How many of you remember your first school crush? I remember mine. I waited for the tiniest glimpse of him in the hall on our way to lunch, and at the end of the day, I hurried out front just in case he didn’t ride the bus and I might have a chance to see him on the steps talking with his friends. I wasn’t even supposed to leave out that door to get to my house, but the hope of seeing him – it was worth it. I scribbled his name on the inside of the back cover of my notebooks (never on the outside where someone might see). I spent hours on those name-designs, each more elaborate than the next. And then it happened, right there on the steps where I’d waited every day for weeks: he actually said hi. I froze. Somehow, it hadn’t occurred to me that he might actually notice me at some point, much less speak.
I’ve been thinking a lot about those name designs, because I’ve realized that we do the same thing as adults. We spend so much time arranging our dreams, talking about them, writing about them, reading books to get prepared, and taking classes to get ready to act on our dream. Sometimes our activities make us believe we’re moving in the right direction when, in reality, we’re just moving enough to not be disappointed in ourselves.
What’s the dream you roll around in your mind? What holds you back? The fear of discovering we’re not capable and of being crushed by failure … that fear is so powerful. It drives us to inaction or partaking in small, meaningless activities that protect us against the big risk.
Recently, I and my cofounder created a nonprofit fund which helps disadvantaged women launch and build businesses. In just fourteen days, we received over fifty applications – all from women with dreams – some still just an idea and others ready to grow to a new level. We studied each application with our board of directors, all women entrepreneurs themselves, and after a very difficult decision, we narrowed it down to eleven finalists – all chosen because they have viable ideas for businesses and leadership skills. In addition, each applicant is facing disadvantages that make it difficult to achieve success without additional assistance or training.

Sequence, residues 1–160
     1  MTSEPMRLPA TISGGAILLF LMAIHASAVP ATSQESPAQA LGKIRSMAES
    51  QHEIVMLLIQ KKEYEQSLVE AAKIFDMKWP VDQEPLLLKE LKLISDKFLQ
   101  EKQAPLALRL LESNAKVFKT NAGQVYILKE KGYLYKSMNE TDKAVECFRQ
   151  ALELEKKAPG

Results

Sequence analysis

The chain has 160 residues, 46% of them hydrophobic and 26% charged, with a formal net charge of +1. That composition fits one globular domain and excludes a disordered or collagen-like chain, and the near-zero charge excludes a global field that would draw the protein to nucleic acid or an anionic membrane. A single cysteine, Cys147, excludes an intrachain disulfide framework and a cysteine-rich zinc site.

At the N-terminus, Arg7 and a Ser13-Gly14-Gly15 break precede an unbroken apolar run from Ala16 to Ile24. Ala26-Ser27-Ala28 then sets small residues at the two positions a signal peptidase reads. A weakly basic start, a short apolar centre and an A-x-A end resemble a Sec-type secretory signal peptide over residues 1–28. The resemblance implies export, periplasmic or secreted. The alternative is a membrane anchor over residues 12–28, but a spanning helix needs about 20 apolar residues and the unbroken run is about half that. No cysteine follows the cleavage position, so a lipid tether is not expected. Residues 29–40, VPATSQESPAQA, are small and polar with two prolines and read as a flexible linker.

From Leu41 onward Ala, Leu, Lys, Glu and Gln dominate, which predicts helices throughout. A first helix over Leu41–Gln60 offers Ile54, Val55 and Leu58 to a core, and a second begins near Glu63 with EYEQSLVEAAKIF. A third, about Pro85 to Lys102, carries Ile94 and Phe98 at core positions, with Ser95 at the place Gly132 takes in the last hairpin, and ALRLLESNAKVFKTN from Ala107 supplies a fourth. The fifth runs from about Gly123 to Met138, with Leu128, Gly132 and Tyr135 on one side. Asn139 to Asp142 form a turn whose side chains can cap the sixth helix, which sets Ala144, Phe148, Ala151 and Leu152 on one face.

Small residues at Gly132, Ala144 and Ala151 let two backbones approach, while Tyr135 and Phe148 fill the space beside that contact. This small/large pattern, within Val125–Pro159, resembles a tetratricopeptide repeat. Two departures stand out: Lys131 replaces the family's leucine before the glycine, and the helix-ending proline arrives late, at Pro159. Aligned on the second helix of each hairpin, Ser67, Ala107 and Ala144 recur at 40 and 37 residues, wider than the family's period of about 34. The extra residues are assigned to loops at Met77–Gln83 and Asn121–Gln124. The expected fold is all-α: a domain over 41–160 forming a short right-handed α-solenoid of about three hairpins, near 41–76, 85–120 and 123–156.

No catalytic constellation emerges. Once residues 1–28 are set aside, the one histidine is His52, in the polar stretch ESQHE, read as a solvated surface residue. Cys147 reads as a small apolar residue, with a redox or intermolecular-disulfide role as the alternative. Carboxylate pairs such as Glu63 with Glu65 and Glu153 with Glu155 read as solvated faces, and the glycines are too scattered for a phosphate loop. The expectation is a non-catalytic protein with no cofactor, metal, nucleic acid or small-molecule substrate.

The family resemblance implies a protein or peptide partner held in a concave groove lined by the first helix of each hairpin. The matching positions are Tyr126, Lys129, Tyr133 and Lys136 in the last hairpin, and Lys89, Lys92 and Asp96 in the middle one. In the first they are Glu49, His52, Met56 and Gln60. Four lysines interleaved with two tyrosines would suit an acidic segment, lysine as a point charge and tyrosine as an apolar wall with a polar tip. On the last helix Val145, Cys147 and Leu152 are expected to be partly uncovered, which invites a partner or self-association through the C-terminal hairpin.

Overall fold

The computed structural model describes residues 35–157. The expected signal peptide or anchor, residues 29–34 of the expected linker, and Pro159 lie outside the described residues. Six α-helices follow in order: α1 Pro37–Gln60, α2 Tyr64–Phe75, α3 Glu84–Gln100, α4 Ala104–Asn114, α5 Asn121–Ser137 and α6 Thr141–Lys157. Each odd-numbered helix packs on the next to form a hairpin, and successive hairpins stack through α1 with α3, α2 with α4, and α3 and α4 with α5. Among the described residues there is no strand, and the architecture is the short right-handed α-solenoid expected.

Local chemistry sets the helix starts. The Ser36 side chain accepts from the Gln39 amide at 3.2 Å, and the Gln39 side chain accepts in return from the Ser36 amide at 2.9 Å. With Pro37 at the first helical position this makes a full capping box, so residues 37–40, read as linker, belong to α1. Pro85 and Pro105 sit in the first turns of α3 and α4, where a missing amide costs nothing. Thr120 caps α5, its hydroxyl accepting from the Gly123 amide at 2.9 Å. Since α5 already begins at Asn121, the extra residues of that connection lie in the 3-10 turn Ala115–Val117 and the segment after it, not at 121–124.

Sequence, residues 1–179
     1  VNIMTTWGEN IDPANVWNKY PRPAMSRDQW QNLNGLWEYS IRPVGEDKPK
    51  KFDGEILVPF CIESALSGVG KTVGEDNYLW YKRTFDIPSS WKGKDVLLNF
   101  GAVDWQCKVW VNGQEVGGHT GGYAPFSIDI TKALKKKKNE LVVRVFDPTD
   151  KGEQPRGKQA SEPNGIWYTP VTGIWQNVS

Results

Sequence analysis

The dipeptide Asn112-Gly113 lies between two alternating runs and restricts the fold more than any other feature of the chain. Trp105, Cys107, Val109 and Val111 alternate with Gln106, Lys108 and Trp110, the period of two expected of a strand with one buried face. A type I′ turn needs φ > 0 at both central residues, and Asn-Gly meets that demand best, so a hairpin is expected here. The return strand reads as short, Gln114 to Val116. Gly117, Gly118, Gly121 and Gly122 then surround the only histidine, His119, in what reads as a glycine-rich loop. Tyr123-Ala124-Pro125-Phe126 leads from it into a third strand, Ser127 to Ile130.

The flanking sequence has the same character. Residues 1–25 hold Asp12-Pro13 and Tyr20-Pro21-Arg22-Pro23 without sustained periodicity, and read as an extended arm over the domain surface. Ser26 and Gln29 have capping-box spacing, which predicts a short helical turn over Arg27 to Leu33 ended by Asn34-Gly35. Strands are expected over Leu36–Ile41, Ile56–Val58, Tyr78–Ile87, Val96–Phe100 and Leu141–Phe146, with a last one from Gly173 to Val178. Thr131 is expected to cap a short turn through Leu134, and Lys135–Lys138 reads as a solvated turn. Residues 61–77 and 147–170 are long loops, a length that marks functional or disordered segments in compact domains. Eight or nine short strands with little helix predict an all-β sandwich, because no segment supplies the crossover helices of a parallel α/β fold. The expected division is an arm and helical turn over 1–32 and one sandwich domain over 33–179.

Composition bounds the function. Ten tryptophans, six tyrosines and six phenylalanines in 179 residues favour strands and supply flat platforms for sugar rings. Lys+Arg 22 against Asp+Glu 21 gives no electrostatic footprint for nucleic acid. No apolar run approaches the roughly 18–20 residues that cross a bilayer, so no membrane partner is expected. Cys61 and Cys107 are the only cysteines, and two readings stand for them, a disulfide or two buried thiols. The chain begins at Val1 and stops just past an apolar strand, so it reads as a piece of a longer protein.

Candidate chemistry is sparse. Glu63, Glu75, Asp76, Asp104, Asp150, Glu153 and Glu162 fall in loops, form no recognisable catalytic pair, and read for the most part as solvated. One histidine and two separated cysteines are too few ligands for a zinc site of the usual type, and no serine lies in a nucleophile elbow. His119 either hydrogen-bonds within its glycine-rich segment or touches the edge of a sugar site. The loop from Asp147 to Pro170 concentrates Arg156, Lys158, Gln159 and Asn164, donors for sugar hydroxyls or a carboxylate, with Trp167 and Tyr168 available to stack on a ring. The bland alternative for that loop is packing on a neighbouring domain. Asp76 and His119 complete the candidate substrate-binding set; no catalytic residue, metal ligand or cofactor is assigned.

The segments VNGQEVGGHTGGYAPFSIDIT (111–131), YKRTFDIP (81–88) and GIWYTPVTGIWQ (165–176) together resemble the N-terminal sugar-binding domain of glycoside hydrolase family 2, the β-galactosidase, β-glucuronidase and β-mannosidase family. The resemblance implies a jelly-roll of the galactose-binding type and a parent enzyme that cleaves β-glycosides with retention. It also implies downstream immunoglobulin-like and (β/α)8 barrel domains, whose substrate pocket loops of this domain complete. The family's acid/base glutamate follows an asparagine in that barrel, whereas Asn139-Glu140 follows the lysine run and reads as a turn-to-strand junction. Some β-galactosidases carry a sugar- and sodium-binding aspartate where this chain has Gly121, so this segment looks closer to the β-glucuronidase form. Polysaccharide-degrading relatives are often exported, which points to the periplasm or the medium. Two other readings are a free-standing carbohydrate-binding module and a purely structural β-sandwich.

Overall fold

We met with our finalists last night, preparing them for the upcoming ninety-second pitch each will deliver on stage during our upcoming benefit gala. We had a raw, honest talk about the scary process of making a dream a reality. Some finalists expressed concern about whether they were biting off more than they could chew, while others share their fears over gaps in experience, education or connections. We talked a lot about the paralyzing effect that was the fruit of fear. And in the end, we left with the understanding that each of us, as we pursue our individual dreams and work to bringing our vision to reality – we feel alone in our fear and our journey, but it is a shared experience, one that all of us must go through to get to the other side.
I am so inspired by these women who are facing their biggest fears head-on, and doing so despite sometimes overwhelming circumstances and challenges, because the compelling desire to realize their dream, take control of their future and help better the circumstances of others is finally more powerful than the fear of failing. It is a privilege to share a small part of their journey and witness their support of each other. Succeed or fail, this collective choice to be all-in and move forward is their first decision that changes everything and makes everything possible.
If you’re holding back on your own dream, consider this:
If you give up now or never get started, who will bring your vision into the world?
It’s yours, and if you give up when things get difficult or before you even start, well, then maybe it isn’t really a dream or a big vision at all but just a nice idea. If you don’t believe it is just a nice idea, then don’t let yourself build on platitudes. Platitudes are the sands of purpose and wash away your fortitude when problems arise.
Build on conviction and passion driven by a vision bigger than yourself, because when you do, you’ll have the fuel needed to carry you through the difficulties that can and must come.
The world is never, ever changed by platitudes. It is also never changed by the person who is willing to settle for less than all-in. And here’s what I’m learning on my own journey. When we start with the purpose to give it everything we’ve got, even if we don’t end up where we hoped we might, we find ourselves in a very different, usually better place than the one where we started. A diet of might-have-been is bitter and much harder to swallow than the disappointment of having tried and not met the mark. There is honor in pursuing big ideas, and when they do work? Well, then we really can change the world.